CCAE Theatricals Brings Poignant Reminder About the Simple Joys of Life with Latest Production

 "Every Brilliant Thing". Currently Playing Until July 21st

A Blog View by Alejandra Enciso-Dardashti

Allison Spratt Pearce in "Every Brilliant Thing."    Photo by Michael Pearce 

It is funny how things come up with age or while growing into adulthood. The more theatre I see, -which is a lot-, the more nervous I get with interactive pieces lol. So, as I entered the theatre space at California Center for the Arts and was brought through the back to go to a smaller space in the round I thought: "What are we doing?". I was unaware that such a space lived over there. CCAE Theatricals's second production of the season goes to the round and intimate with Every Brilliant Thing, written by Duncan Macmillan and Jonny Donahoe. A one-person play with a big impact directed by artistic director J. Scott Lapp with assistant director Yoni Kruvi. As a side note, there was a production of this piece at the Geffen Playhouse last year and there's a documentary on HBO

Matthew Herman's stage design laid on the corners of the stage having a bench that would hold place for a car, and a couch. There was also a corner with a table that had a record player and books, where in the performance that I saw, Allison Spratt Pearce would take props courtesy of Holly Lapp that went from boxes with memories, to a full-on Casio digital piano. The show will alternate with three other actors as the narrator, Bethany Slomka, Deandre Simmons, and Steven Lone. 

Bethany Slomka, Allison Spratt Pearce, Deandre Simmons, and Steven Lone. Photo CCAE Theatricals

The 70-minute no-intermission piece takes audiences through the life of a person with a suicidal parent. When this person is seven years old and there is the first attempt, the child decides to create a list to help her mom cope with depression. The list entails the most wonderful and simplest things in life like having dessert for dinner, staying up past your bedtime, and watching TV. As years go by, the list reaches 1 million things. The show is interactive and audience members get numbers from the list to say out loud once Allison calls for the number. As she narrates her life, she also enlists audience members to play key roles like father, veterinarian, boyfriend, lecturer, etc. Prompting the lines in their ears to repeat with intention. This is a tricky move as audiences are "invited" to participate on the spot and, this can go in any direction... I would recommend some type of warning having audience members with anxiety or stage fright in mind as not everybody will be or feel confident enough to participate no matter how small the line. Allison handled it well improvising wittily with the histrionic response from her scene partners which made the experience dynamic and balanced the heavy subject matter. The piece also touches upon the domino effect with family members and the environment as mental health is "genetic" and depression can take different forms.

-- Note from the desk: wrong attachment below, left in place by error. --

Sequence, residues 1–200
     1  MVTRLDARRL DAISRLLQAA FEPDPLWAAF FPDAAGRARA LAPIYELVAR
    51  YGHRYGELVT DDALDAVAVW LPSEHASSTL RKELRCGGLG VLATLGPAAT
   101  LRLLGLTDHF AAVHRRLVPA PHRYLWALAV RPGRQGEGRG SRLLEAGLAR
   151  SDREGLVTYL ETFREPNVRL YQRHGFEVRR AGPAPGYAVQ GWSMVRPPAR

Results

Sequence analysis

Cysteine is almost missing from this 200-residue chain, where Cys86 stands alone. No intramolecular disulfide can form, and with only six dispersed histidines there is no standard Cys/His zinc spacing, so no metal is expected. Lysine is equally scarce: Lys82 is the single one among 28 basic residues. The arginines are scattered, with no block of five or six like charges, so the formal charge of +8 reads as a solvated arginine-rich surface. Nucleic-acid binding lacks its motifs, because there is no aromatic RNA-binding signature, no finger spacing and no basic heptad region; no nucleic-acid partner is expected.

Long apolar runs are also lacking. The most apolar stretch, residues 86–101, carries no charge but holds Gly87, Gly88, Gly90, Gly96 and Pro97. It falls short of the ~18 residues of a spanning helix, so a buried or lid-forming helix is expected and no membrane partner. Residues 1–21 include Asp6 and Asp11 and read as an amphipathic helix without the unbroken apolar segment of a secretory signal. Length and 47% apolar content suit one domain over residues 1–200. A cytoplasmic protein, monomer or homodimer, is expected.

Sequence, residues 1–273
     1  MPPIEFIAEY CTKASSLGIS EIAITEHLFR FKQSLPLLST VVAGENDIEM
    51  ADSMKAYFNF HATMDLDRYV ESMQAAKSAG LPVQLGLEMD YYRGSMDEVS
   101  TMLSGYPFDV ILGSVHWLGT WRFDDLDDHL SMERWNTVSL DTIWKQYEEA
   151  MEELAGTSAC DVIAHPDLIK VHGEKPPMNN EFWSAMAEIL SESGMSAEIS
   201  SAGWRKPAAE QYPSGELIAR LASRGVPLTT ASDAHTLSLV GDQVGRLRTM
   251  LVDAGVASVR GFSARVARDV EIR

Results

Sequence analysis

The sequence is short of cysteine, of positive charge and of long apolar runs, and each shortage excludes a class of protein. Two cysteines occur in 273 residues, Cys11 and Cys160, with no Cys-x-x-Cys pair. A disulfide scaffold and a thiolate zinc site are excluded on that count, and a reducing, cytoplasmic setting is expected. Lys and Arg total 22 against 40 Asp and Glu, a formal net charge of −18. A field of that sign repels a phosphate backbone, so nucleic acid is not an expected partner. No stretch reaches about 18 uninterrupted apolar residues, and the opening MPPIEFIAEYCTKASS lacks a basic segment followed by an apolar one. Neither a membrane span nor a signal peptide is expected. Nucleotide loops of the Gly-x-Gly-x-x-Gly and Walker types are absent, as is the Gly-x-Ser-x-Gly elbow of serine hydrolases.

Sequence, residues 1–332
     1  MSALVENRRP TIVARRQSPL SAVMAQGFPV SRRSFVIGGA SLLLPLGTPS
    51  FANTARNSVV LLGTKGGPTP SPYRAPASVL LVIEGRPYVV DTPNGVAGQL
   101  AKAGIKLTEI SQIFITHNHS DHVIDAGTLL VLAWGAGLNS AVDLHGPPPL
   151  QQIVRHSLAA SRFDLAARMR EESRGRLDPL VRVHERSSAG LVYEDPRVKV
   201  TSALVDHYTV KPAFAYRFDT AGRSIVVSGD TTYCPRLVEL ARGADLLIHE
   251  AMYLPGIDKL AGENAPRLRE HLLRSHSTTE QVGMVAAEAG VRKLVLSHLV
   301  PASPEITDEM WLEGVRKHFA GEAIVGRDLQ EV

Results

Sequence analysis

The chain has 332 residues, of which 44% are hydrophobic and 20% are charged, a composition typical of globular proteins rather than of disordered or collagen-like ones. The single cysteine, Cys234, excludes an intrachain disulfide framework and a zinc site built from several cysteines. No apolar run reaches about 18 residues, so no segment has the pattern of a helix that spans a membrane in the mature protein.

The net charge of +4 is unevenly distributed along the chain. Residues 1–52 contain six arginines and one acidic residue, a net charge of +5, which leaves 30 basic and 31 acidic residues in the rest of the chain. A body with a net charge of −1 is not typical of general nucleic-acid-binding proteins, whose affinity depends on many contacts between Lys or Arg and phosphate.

J. Scott Lapp's direction from Witnesses to Curious Incident, has shown a sensitive and delicate style that syncs with these types of works. Spratt Pearce performs the tone and intention in each moment whether it is sad, frustrating, or happy, and again, her playfulness with the audience as she invites them to the stage as with the seated audience, is fast and on the spot. I love me a good denim jumper and it suited the narration, as it works for illustrating the different age ranges. Allison also changes hairstyles to emphasize the ranges from pigtails, to ponytails, to a side pony, and hair down. These are the details that help round out the moment. Coleman Ray Clark's lighting design was bright and pertinent to the setting. Clark who was also responsible for the sound design, serenaded audiences with different classics like "At Last" and "Move on Up" (I am a Jeffersons fan) amongst others. There are moments with a hand-held microphone that went through smoothly as the volume was strong but did not overpower the small space.

As my colleague and fellow SD Theatre Critic, David Coddon mentioned in his piece, to fully review CCAE's production we would have to see all four actors as each performance will be completely different from the narrator to the participating audience members. This definitely makes for a rich and varied run with -shall I say-, a flavor for each taste?

Regardless, Every Brilliant Thing has a well-written script that touches upon something that sadly, is common in our present time. Having the play put out the reminder to just stop and smell the air, noticing all the wonderful things around is special. This piece is very fitting to CCAE and having a smaller intimate production after the elaborate works we have had these past two years, is special too. 

I consider it to be thing number 1,000,001 on the list. 

Currently playing until July 21 in Escondido. For performance days and times please click here

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